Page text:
The new year rises with newer opportunities for creative artisans to explore their imagination with time. Making this exciting this year, Jan 1, 2024, to be exact, is the entrance of Mickey and Minnie into the public domain. Entertainement has always been seen as that for everybody, but sometimes it can be controlled and curtailed too. One such control is being opened up to the public and the excitement is real.
There is a long history of Mickey being appropriated for underground comics, with Dan O’Neill’s 1971 countercultural attack on Mickey Mouse. His underground comic book, “Air Pirates Funnies,” paints the nostalgic mouse as someone who is smuggling drugs and doing other illegal activities. Of course, Disney sued him, and he has a huge fine if he were ever to attempt to draw the mouse again. But, from jan 1 2024, he can, and he might. 95 years after his debut in the short film, “Steamboat Willie,” Mickey’s expiration from copyright serves to be a milestone too.
As reported, every Jan 1 Jenkins celebrates Public Domain Day wherein a long list of work that is free for artists to remix and reimagine is published. This year’s list includes other interesting characters such as Tigger, who made his first appearance in 1928.
But why was there so much protection regarding the mouse? Lawrence Lessig, a Harvard Law professor explains in detail. Interestingly, he was the most prominent critic of the 20-year extension of the copyright. Without this the Disney copyright would have lost its signature character in 2004 itself. He called it the ‘Mickey Mouse Protection Act.” He fought the extension to the Supreme Court. While he lost the debate, this conversation sparked interest among the creative commons and nodded towards a ‘remix culture.’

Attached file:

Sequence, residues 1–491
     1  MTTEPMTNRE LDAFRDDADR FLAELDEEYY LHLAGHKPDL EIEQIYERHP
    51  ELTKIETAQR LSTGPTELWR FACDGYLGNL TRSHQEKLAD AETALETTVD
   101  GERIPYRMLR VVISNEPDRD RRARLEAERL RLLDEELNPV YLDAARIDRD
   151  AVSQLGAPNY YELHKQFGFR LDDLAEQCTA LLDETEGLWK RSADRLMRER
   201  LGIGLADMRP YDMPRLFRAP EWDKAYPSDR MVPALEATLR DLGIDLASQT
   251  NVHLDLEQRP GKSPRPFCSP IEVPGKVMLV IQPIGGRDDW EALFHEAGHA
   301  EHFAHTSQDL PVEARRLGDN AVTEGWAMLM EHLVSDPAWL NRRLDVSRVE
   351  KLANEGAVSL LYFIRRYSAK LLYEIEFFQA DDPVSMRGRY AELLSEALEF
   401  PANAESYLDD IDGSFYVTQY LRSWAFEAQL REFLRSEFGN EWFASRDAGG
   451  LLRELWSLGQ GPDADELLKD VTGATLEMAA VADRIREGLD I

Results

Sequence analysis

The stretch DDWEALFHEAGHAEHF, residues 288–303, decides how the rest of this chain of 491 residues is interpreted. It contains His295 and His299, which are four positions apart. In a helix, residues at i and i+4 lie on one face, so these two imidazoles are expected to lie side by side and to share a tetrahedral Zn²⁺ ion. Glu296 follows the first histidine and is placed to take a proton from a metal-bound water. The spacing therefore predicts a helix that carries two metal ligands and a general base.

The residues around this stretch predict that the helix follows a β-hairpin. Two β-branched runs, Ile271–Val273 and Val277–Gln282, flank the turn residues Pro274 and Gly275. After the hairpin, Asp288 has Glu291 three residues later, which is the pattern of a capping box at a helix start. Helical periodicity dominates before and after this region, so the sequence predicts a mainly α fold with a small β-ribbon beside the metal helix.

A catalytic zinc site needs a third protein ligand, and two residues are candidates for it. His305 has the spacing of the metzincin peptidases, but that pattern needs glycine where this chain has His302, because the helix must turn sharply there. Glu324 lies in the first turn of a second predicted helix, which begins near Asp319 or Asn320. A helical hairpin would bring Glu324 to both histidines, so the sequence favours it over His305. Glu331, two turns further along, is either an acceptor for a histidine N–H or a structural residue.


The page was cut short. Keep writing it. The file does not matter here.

What will this public domain entrance mean to artists? It is interesting to note how creative freedom is often curtailed between the lines of owning art and maintaining the said ownership. In the case of Mickey Mouse, millions of creative remixes of the famous mouse were stalled owing to the copyright. But, from Jan 1, 2024, that shall not be the case. As O’Neill said, “He belongs to everybody.”